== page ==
Sille is from Estonia and has only the slightest hint of an accent.  Estonian language is very unique and related to Finnish and Hungarian but not related to the Indo-European language group.  She's a very lively, energetic and sensitive musician and person.  Martin is from the Gower peninsula originally.  He's got the best sense of humour and is one of the most intelligent people I've met.  He plays guitar almost as if it's a harp.  He outlines melodies and chords in such a beautiful way.  Where Sille is like a wild horse, Martin is like a standing blue stone or a big friendly bear, always supporting what's going on around him with complete sensitivity yet so solid.  Even though I didn't know any of the tunes, what I was able to play, I think we really complemented each other well.  Of course, I wasn't really able to keep up but it was fun to try.

Sille was making fun of Finnish people, which in Estonia, is the the thing to do.  Mostly about their eyesight for some reason.  Sort of like Canadians vs Americans I guess.  We also talked about about hockey (ice hockey) because we both come from Northern climates.  Estonia got down to -27 this year, and if I've remembered right we got down to -35 at one.  Ha, we win! ...or lose, rather...

We also had a laugh about how short we all are.  What?! Welsh people, short?!  Never!

I played them my lament for Danny and a couple of tunes from the Robert apHuw manuscript.  Robert apHuw being the oldest harp manuscript in the world AND it's Welsh.  The person to check out for this music is Bill Taylor, an American who lives in Scotland.  I really like his interpretations the best although there is another fellow named Paul Dooley who's very good as well.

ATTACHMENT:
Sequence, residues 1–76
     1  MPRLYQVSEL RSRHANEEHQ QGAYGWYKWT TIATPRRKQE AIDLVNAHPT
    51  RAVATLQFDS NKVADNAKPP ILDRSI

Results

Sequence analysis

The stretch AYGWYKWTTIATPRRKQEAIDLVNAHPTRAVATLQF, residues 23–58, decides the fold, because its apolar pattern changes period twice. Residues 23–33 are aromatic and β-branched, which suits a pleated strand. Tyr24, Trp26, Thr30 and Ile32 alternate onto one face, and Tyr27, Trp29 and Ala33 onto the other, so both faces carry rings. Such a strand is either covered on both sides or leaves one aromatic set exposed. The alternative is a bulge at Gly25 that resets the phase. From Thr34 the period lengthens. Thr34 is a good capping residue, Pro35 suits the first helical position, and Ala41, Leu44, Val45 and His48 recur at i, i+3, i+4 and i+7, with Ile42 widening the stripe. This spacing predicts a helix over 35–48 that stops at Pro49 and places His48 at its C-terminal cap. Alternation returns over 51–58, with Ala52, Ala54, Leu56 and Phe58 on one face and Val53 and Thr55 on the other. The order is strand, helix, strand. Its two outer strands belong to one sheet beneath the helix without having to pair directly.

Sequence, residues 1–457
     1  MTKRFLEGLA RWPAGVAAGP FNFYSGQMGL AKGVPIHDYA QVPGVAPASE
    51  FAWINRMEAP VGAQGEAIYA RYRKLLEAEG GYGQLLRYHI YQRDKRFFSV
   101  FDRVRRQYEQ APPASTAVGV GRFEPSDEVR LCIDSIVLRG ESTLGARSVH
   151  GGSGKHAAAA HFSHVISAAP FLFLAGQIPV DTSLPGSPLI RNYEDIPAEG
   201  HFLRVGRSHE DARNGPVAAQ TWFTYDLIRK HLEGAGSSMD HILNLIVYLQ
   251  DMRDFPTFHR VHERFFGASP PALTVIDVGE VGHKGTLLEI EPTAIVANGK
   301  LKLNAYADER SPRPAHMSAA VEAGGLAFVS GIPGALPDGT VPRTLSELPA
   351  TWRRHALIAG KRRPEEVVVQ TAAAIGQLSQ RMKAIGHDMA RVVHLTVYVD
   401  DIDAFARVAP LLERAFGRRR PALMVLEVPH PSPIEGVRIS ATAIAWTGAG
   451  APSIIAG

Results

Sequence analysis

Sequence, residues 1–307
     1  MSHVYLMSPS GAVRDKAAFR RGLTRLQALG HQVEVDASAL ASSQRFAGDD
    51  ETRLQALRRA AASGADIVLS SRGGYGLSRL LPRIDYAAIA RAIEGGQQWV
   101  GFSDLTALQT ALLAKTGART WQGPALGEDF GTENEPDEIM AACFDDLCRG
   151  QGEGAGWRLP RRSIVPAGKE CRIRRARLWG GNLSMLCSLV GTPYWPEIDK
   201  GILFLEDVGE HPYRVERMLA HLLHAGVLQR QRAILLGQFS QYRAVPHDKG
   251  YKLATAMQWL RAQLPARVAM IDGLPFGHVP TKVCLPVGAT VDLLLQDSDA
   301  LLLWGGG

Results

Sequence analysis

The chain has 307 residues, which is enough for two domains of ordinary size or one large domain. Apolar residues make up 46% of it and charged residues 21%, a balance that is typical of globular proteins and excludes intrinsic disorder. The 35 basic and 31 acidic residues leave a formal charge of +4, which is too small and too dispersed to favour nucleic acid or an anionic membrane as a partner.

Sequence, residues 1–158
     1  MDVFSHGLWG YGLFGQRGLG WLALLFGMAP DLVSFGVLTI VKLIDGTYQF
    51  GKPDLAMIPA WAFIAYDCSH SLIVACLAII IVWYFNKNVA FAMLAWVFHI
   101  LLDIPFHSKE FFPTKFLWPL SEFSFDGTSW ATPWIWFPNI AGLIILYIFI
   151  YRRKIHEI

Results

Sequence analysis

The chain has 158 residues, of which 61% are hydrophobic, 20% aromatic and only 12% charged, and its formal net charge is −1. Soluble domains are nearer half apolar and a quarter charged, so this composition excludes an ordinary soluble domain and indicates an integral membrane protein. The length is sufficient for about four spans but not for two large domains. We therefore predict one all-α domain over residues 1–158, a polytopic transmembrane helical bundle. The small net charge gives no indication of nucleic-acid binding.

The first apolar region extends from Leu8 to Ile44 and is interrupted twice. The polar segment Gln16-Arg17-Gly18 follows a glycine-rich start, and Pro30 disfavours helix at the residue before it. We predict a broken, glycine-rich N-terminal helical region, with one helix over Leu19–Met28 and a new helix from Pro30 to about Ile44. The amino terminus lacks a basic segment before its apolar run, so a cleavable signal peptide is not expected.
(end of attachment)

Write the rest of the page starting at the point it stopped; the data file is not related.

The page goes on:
Between the five of us, we drank through six bottles of wine.  And we jammed through the afternoon and again after supper until about 3 in the morning.  It was the longest and maybe the best jam I've ever been to, and I've been to some good ones.  Proper music, done properly.  That's the way it should be.

Julie sang a version of St. James Infirmary that I hadn't heard before.  I'm mostly familiar with Jack Teagarden's version.  She learned this version by listening to Doc Watson.  When she finished, there was nothing to be said, other than - 'yeah'.

When Julie sings, the world stops...

Ceri R. kissed us all good night and then we all went to bed with tunes and wine swimming in our heads.  Bendigedig!

Next time, the epic session continues...